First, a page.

Consider the cover of Nature in March 2015, in which two Earths, one blue-green and one grey, are entangled in a human body. The title emblazoned across the man’s six-pack invites us to see this body as representative of ‘the human’. But there’s no such thing as a generic human, of course; the image repeats the centuries-old conflation of human with white man. Perhaps the artist sought to subvert such racist overtones by obscuring the man’s eyes, making him an unseeing subject blind to the damage he’s wreaked on his body and his planet. Still, the image impels a common critique of the Anthropocene concept: it attributes ecological collapse to an undifferentiated ‘humanity’, when in practice both responsibility and vulnerability are unevenly distributed.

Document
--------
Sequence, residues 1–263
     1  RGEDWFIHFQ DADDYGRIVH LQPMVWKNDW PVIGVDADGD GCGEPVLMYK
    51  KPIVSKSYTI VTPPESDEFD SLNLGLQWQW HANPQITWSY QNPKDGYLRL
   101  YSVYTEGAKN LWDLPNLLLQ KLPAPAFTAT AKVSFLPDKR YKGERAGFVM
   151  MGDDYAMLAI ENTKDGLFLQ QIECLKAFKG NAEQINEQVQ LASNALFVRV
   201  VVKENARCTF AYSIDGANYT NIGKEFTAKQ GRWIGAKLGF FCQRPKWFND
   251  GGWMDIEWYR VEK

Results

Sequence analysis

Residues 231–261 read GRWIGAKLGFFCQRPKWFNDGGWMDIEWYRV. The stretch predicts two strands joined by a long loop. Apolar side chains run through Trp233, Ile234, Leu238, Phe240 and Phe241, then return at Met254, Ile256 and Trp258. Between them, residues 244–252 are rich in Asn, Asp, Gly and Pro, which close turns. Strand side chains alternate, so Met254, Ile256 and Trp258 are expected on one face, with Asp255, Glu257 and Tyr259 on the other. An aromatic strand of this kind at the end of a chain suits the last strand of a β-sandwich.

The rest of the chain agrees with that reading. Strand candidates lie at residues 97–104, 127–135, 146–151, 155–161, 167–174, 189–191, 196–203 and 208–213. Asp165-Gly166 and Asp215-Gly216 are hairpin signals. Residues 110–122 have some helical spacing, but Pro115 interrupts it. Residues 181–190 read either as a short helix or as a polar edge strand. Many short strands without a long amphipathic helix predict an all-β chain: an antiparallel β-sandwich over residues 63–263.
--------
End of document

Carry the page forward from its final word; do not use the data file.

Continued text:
What picture of the Anthropocene, for example, emerges when we begin our analytic adventure in Africa instead of in Europe? Minerals from Africa played a big role in motivating colonialism and powering industrialisation. Their extraction fuelled the Anthropocene. Saying that ‘we’ move more rock than all natural processes combined doesn’t even begin to capture these violent dynamics. Who actually moved the rock? How did this movement affect the people and ecosystems around the mines, not just at the time of extraction but decades later?